Like South Korea, Singapore found early success in preventing the spread of the virus through aggressive testing and tracing. However, in April the virus began to circulate among the island country's migrant worker community, ballooning into an outbreak that peaked on April 20, when the country reported about 1,400 new cases, according to Hopkins' data. Daily new cases have steadily dropped since then and on Sunday, the country reported 213 new cases, according to Hopkins' data.

While the outbreaks in New Zealand, South Korea and Singapore have been of different magnitudes and followed different trajectories, officials in all three countries now quickly respond to every new infection in order to stamp out what remains of the outbreak, Schuchat said. The U.S. stands in stark contrast as it continues to report over 30,000 new infections per day.

"This is really the beginning," Schuchat said of the U.S.'s recent surge in new cases. "I think there was a lot of wishful thinking around the country that, hey it's summer. Everything's going to be fine. We're over this and we are not even beginning to be over this. There are a lot of worrisome factors about the last week or so."

The sheer size of the U.S. and the fact that the virus is hitting different parts of the country at different times complicates the public response here compared with other countries, Schuchat said. South Korea, for example, was able to concentrate their response on the southern city of Daegu, for a time, and contact tracers were quickly deployed when new cases were later found in the capital Seoul.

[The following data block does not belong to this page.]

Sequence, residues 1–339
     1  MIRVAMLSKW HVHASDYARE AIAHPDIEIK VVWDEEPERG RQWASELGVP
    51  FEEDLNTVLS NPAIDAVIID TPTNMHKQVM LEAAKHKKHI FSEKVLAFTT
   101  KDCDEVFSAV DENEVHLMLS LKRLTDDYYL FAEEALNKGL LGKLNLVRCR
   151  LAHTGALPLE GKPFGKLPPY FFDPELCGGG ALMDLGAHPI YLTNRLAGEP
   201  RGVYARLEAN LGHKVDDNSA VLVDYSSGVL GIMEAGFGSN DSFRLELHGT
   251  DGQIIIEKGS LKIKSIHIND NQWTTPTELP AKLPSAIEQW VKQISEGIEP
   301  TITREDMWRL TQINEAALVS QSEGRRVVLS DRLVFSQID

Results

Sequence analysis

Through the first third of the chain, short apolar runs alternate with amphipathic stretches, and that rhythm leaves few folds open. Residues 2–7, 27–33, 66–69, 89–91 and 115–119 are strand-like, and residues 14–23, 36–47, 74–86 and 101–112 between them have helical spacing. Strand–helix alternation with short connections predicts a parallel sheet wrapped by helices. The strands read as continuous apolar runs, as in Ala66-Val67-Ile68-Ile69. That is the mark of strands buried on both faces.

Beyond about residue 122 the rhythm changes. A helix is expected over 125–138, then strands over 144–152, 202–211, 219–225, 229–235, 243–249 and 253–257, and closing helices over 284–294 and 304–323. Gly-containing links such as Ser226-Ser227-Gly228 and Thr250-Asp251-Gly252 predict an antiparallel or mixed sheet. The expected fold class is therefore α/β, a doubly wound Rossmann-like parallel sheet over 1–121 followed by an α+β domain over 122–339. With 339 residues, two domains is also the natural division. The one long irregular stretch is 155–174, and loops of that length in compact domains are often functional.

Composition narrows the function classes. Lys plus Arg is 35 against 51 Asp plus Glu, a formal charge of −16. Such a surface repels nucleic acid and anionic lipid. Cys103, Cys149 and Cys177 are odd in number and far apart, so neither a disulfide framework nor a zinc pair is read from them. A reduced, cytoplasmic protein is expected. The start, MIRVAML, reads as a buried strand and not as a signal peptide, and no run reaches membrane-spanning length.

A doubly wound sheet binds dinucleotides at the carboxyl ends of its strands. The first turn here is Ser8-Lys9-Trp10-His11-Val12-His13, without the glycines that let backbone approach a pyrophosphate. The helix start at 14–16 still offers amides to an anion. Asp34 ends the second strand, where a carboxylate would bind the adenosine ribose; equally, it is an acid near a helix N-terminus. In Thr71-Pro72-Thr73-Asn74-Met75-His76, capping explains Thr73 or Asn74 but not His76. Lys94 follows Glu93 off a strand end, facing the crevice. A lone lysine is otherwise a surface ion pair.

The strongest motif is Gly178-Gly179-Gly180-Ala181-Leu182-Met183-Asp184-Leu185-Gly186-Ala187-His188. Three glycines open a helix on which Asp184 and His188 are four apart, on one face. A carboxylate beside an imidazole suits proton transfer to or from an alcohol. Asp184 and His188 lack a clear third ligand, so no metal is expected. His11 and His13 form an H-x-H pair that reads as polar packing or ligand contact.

"What we have in the United States, it's hard to describe because it's so many different outbreaks," Schuchat said. "There was a wave of incredible acceleration, intense interventions and control measures that have brought things down to a much lower level of circulation in the New York City, Connecticut, New Jersey area. But in much of the rest of the country, there's still a lot of virus. And in lots of places, there's more virus circulating than there was."

The coronavirus has proven to be the kind of virus that Schuchat and her colleagues always feared would emerge, she said. She added that it spreads easily, no one appears to have immunity to it and it's in fact "stealthier than we were expecting."

"While you plan for it, you think about it, you have that human denial that it's really going to happen on your watch, but it's happening," she said. "As much as we've studied [the 1918 flu pandemic], I think what we're experiencing as a global community is really bad and it's similar to that 1918 transformational experience."

With the current level of spread, Schuchat said the U.S. public should "expect this virus to continue to circulate." She added that people can help to curb the spread of infection by practicing social distancing, wearing a mask and washing their hands, but no one should count on any kind of relief to stop the virus until there's a vaccine.

"We can affect it, but in terms of the weather or the season helping us, I don't think we can count on that," she said.

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Reply Tue 30 Jun, 2020 04:42 am